The Need to Reduce the Barriers to Global Trade
Over the last 50 years we have seen global trade prosper in line with the success of globalisation. Global trade has generated jobs and growth, created opportunities for businesses both big and small, spurred investment in public infrastructure and connected emerging markets around the world to the global economy.
But today trade is not as free as it should be in the face of both tariff and non-tariff barriers. Various obstacles continue to hamper trade. Lack of infrastructure, corruption, burdensome documentation processes, supply chain inefficiencies, lack of logistics know-how to mention just a few. What these issues all have in common is that they make trade much more expensive and difficult than it should be.
The World Trade Organisation estimates that the reduction of trade barriers could add a potential USD 1.2 trillion to global GDP, most of which would come from eliminating non-tariff barriers by agreeing on product quality standards, introducing more effective customs procedures and mitigating or eliminating infrastructure bottlenecks.
In other words, reducing trade costs by minimizing bureaucracy and reducing the non-tariff barriers for trading across borders holds great potential for boosting economic development. But how do we remove these barriers, transcending the boundaries that have constrained us thus far? How do we pool the collective resources of the public and private sectors to generate new solutions and business models for sustainable, profitable growth for today and tomorrow?
Enabling trade is at the heart of what the Maersk Group does. Before containers were invented in the 1950s, 30% of the price of a traded product came from the cost of shipping. Today it is less than 1%. With 90% of goods travelling by sea, our containers act as the building blocks of global trade – connecting countries, markets, businesses and people. Our ports are the gateway to trade and a critical component in a country’s economic growth. But as we invest in it we also depend on it to progress.
Recently, we have begun to explore how to unlock growth for both society and Maersk by actively accelerating the positive impacts we have as company; be it removing barriers to trade in East Africa, improving local access and business environments for trade in Brazil, or investing in low-carbon infrastructure in West Africa that enables efficient trade with the lowest possible cost to the environment. By taking an active role in addressing trade barriers, we aim to be the chosen transport and logistics provider facilitating the increased trade growth and in that way develop profitable markets.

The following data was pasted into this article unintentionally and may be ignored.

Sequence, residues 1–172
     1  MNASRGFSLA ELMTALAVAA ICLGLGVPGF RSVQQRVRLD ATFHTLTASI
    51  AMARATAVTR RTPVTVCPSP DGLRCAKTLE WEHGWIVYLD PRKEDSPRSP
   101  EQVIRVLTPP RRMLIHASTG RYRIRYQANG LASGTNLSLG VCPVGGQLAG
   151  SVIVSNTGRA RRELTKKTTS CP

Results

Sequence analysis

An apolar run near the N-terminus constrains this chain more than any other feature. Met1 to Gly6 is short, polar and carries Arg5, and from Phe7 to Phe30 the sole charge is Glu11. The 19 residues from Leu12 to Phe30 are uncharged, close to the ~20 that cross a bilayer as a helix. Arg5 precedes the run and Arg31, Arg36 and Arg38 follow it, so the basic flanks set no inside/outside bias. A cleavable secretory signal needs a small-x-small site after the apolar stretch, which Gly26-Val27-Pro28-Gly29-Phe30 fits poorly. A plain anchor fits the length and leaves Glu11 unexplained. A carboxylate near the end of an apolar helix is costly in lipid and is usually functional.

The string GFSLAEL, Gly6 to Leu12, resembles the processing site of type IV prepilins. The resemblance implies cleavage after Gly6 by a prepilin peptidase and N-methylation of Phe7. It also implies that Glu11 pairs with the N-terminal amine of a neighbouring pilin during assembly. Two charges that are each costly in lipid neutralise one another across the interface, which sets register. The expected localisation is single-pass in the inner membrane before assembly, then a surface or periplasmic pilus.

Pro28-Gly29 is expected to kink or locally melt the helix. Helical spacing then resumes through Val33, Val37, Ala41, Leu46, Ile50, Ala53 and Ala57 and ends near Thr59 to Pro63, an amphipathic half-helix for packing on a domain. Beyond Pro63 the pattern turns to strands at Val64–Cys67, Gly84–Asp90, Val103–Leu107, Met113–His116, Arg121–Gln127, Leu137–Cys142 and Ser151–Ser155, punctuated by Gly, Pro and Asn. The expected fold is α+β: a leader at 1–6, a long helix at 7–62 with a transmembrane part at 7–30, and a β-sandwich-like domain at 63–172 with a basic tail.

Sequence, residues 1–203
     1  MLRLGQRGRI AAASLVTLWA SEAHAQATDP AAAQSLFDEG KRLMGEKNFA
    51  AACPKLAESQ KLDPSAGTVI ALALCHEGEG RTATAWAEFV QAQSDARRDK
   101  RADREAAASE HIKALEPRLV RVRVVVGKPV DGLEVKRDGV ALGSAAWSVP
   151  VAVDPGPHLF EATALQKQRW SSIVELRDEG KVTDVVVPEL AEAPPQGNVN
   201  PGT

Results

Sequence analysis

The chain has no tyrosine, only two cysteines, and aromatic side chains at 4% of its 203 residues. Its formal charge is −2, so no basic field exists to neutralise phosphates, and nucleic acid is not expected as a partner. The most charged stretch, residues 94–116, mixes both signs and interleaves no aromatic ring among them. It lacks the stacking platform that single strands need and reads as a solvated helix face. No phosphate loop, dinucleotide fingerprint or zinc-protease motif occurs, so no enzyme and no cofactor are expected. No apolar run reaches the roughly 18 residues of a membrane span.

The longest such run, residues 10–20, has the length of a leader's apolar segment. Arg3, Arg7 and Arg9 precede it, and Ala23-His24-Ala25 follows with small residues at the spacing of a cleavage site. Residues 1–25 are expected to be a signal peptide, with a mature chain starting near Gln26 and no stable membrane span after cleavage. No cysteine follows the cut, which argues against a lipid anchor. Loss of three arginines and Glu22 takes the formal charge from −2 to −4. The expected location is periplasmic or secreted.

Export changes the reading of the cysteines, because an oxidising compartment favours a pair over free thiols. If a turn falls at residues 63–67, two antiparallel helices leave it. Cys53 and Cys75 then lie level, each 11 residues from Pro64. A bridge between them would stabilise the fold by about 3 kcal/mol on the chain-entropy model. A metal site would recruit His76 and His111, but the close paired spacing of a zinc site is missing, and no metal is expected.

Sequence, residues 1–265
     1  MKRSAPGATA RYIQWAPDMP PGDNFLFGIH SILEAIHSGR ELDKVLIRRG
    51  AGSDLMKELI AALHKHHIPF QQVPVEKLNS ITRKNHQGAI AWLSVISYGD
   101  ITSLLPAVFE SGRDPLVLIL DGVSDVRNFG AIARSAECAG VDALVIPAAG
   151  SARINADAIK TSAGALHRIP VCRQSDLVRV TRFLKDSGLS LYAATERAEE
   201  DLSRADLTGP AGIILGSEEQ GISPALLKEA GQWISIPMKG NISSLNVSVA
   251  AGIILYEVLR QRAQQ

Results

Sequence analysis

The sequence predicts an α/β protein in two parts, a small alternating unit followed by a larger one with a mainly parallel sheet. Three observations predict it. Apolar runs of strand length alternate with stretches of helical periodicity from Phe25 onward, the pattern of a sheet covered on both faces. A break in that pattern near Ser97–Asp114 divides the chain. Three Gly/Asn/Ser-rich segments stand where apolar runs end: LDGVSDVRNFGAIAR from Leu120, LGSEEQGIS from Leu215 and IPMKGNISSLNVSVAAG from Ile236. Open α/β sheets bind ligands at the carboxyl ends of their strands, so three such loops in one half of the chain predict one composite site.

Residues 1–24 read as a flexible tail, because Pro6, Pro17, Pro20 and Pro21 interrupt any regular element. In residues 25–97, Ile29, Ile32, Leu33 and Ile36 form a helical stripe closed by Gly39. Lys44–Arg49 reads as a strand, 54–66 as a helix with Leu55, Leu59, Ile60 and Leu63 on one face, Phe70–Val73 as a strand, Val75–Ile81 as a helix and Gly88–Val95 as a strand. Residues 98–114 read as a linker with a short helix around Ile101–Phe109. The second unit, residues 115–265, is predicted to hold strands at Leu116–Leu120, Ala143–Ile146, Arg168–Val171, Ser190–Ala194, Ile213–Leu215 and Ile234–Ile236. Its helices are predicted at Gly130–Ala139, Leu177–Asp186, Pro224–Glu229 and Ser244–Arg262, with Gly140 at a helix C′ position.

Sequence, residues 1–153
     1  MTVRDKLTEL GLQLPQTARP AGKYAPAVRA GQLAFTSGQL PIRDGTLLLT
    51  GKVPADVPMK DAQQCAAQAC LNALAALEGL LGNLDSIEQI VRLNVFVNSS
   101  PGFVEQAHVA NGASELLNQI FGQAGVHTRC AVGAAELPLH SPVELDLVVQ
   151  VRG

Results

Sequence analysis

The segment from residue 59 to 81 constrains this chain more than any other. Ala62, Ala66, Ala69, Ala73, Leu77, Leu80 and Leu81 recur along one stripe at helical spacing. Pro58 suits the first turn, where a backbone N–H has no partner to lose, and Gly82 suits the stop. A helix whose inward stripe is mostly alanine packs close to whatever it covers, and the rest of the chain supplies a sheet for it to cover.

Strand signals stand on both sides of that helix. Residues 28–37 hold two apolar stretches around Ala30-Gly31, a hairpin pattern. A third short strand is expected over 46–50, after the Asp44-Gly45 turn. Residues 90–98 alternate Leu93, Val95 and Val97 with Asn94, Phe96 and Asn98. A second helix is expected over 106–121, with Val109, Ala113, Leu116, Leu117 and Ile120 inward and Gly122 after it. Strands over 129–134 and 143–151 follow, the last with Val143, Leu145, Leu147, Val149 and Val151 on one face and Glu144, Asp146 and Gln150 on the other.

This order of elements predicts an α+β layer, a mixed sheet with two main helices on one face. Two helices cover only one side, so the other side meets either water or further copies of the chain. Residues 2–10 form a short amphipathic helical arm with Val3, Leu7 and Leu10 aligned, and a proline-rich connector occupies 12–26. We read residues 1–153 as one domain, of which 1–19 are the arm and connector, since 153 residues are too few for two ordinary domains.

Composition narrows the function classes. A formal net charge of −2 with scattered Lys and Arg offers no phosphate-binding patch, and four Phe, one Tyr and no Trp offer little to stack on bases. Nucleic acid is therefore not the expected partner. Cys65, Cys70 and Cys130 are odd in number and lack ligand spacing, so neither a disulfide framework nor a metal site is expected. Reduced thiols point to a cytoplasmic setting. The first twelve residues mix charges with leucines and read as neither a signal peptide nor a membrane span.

In the last decades of the 20th century, Africa underwent a period of negative development, facing declining production and purchasing power. Its fortunes have since changed for the better, and the notion that Africa is on the brink of long-term, sustainable growth has moved from being far-fetched to quite conceivable.
The introduction of the WAFMAX, a new line of container vessels introduced by Maersk into West Africa in 2011, is a good example of how combined efforts by port authorities, terminal operators and shipping lines can bring important benefits to buyers and producers in developing markets where improved transport efficiency and connectivity are prerequisites for growth and development.
Each WAFMAX vessel carries 4,500 containers (TEU) and is specifically designed to accommodate the lower drafts in West African ports. The higher capacity of the ships means that one port call from these larger vessels replaces three calls from the averaged-sized vessel. With fewer ships needed to deliver the same number of containers, port turnaround times are shorter – dropping a full 50% since 2011.
This, in turn, results in savings for shippers and cargo owners as they are able to reduce the total transit time of their cargo and thus lower inventory levels. In effect, we have seen the cost of logistics in the region go down, enabling increased trade.
Maersk will continue to explore these kinds of opportunities in the future, looking for partners that share a mutual aspiration for sustainable, profitable growth.
We have a vested interest in seeing trade growing and countries prospering from increased exports and imports. This means we must do everything we can to lift the barriers faced by global trade, and to bring forward the message to governments and partners around the world on the significant potential it has to help grow the global economy.
In a year where the world convenes to agree on the Sustainable Development Goals, I can see no greater impetus than to act now.